At this point in the game, I ordinarily wouldn’t waste time talking about yet another thing that former Pittsburgh Steelers wide receiver Antonio Brown has said. In case you haven’t noticed, I’ve passed over plenty of opportunities to talk about him since he was traded officially.
Yesterday, however, he seemed to take a shot of sorts at his former teammate, JuJu Smith-Schuster. After the second-year wide receiver took to Twitter to throw his support behind his quarterback, Ben Roethlisberger, of whom Browns has been highly critical, the latter Tweeted (or sub-Tweeted) a message essentially saying that players in Smith-Schuster’s position are not to be believed.
— Steelers Depot (@Steelersdepot) March 26, 2019
“I was so blessed to enter the league and play with a Hall of Fame QB as a 20-year old”, Smith-Schuster wrote on Twitter on Monday. “Ben has taught me so much, he’s a true Leader and I can’t to rock with my guy this season”.
Brown has explicitly questioned Roethlisberger’s leadership, as well as a great deal of other qualities that the quarterback supposedly has or lacks. In the past, he has noted that he has made comments in the public to ‘be a good teammate’, or something to that effect.
So, I’m guessing after he read what Smith-Schuster and others (such as James Conner and Ryan Switzer) said of Roethlisberger, Brown posted on Twitter to say, “do not listen to any NFL player who haven’t got paid yet!. They will do and say anything to make sure they going to get paid even if it’s compromising integrity or anything ! sad but true”.
While there is no doubt a lot of truth to what he says—not just in football but in all walks of life—his statement really makes clear two things: he’s implying that he said a lot of things he never meant of the years; and it’s virtually impossible for him to believe that anybody else would be sincere.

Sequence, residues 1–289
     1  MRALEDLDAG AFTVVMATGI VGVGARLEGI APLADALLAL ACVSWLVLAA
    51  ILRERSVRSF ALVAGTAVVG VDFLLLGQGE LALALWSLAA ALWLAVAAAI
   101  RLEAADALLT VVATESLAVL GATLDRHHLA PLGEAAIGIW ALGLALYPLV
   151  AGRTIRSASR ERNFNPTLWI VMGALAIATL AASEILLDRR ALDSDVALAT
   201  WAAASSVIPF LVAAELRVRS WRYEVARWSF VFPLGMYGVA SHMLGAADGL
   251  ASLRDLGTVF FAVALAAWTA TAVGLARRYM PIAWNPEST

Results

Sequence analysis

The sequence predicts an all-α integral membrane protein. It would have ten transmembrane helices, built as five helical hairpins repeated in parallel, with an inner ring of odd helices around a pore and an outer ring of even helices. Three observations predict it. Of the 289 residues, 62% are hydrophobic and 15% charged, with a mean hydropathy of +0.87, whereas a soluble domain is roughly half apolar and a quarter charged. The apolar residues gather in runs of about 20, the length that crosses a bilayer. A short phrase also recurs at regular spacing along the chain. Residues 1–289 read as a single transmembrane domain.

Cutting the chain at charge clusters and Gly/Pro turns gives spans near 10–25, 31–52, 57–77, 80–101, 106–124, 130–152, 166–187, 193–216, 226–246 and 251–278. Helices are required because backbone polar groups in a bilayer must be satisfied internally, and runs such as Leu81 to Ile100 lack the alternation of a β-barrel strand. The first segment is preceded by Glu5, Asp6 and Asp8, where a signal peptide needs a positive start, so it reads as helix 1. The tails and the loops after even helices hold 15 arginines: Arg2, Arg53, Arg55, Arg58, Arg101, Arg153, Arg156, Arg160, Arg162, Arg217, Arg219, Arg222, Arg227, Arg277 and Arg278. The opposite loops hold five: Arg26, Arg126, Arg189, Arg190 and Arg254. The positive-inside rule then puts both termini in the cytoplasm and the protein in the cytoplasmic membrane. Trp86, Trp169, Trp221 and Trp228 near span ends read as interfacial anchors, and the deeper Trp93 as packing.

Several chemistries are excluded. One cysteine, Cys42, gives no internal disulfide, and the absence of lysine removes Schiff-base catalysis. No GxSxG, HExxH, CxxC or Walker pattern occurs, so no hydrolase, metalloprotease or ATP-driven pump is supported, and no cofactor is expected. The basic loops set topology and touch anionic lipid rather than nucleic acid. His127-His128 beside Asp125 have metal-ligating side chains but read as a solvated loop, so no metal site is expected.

Brown, who now is the highest-paid wide receiver in NFL history and has a good chunk of guaranteed money in his future to look forward to thanks to his blonde mustache and unscrupulous agent, clearly feels empowered to speak, because he has that security.
Frankly, in the aftermath of The Antonio Brown Situation™, many have been ‘keeping an eye on’ Smith-Schuster, so to speak, wondering how he would develop. Brown would similarly portray himself as a deferent figure early in his career and often say the right things.
Then again, at least some of his teammates at the time saw through it, such as Ryan Clark, who talked about seeing the change after he got his first contract extension heading into his third season back in 2012.
He said that money only makes you more of who you already are. This is who Brown is. it’s not who Larry Fitzgerald or Heath Miller or Troy Polamalu were. Let’s hope it won’t be who Smith-Schuster is, either.